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Some South Dakota farmers are unhappy with industrial ag getting conservation funds; Texas judge allows abortion in Cox case; Native tribes express concern over Nevada's clean energy projects.

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The Colorado Supreme Court weighs barring Trump from office, Georgia Republicans may be defying a federal judge with a Congressional map splitting a Black majority district and fake electors in Wisconsin finally agree Biden won there in 2020.

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Texas welcomes more visitors near Big Bend but locals worry the water won't last, those dependent on Colorado's Dolores River fear the same but have found common ground solutions, and a new film highlights historical healthcare challenges in rural Appalachia.

Texans Get Preview of Potential High Court Changes to Roe v. Wade

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Thursday, December 10, 2020   

AUSTIN, Texas -- New Mexico and Colorado are likely to become major destinations for Texas women seeking an abortion if the conservative majority on the U.S. Supreme Court overturns the 1973 Roe versus Wade decision.

Aimee Arrambide, executive director for NARAL Pro-Choice Texas said women there already had a preview of what future abortion access could look like when the governor and attorney general used COVID-19 quarantine measures to block access to abortion care under the guise of public health.

"So for about a month, abortion was completely inaccessible in Texas," Arrambide explained. "And what we saw is an increase in Texans traveling to states where it was more accessible, like New Mexico or Colorado."

Ten states, including Texas, currently have abortion "trigger laws," meaning abortion bans or restrictions that are unenforceable now but designed to go into effect if constitutional precedent changes.

Brandi Collins-Calhoun, senior movement engagement associate for the National Committee for Responsive Philanthropy, noted abortion rights activists across the nation projected a post-Roe world since the appointment of anti-abortion justice Amy Coney Barrett to the U.S. Supreme Court.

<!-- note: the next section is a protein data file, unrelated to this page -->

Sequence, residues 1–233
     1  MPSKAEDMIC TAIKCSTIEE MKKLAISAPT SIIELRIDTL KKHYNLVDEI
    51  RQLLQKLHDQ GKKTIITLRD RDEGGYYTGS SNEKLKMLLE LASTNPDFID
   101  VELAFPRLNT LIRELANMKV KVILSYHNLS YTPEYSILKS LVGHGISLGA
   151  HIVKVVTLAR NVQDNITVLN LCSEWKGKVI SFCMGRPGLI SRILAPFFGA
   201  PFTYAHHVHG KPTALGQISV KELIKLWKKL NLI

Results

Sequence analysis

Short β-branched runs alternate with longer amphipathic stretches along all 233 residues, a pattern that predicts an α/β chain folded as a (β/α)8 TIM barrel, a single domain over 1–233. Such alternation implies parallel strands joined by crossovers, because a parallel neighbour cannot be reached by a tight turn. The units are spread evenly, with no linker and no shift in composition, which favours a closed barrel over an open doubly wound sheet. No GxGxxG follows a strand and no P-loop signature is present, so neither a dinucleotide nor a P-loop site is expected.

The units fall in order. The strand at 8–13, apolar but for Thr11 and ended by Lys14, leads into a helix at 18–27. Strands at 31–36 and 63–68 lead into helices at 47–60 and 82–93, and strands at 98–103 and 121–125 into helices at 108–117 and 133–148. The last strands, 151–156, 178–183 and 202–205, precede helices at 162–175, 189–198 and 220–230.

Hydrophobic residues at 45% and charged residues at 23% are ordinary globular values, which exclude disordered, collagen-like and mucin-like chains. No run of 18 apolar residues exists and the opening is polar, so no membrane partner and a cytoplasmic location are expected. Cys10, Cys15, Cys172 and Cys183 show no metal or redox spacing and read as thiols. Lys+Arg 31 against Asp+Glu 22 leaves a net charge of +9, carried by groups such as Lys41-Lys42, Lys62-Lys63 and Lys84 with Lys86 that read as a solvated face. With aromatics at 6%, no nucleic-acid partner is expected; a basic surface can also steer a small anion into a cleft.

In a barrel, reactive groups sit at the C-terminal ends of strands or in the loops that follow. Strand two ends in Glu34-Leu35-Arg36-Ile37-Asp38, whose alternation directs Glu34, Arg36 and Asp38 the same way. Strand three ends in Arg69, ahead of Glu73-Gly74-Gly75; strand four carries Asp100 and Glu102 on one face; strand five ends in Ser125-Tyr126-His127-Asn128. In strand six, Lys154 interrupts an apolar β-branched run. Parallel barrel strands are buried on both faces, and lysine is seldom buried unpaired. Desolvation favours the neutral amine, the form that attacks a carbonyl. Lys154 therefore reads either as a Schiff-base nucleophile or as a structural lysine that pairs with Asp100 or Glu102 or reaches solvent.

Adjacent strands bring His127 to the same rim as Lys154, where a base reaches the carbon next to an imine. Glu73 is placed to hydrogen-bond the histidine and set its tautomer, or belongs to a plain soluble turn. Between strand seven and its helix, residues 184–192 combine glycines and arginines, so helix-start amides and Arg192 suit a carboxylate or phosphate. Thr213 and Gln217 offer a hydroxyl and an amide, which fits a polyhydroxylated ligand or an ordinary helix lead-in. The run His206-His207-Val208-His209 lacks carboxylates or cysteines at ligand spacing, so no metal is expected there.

"We've been using language around when Roe gets overturned because it's something that has always seemed inevitable to us," Collins-Calhoun remarked. "But now it's certain that it's going to happen."

Arrambide contended the Texas Legislature is controlled by anti-abortion legislators who don't acknowledge what severe restrictions will mean for women's access to health care.

"One in four people will have an abortion in our lifetime, but because of the stigma surrounding abortion, that's not really front and center," Arrambide asserted. "The anti-abortion people use the word abortion four-to-one times more than our side does, and I think that helps contribute to the stigma."

The Texas Legislature is set to convene mid-January, and a Senate committee previewed bills this week it plans to introduce including a "heartbeat bill" to ban abortions once a fetal heartbeat can be detected.

Disclosure: National Committee for Responsive Philanthropy contributes to our fund for reporting on Health Issues, Immigrant Issues, Reproductive Health, and Women's Issues. If you would like to help support news in the public interest, click here.


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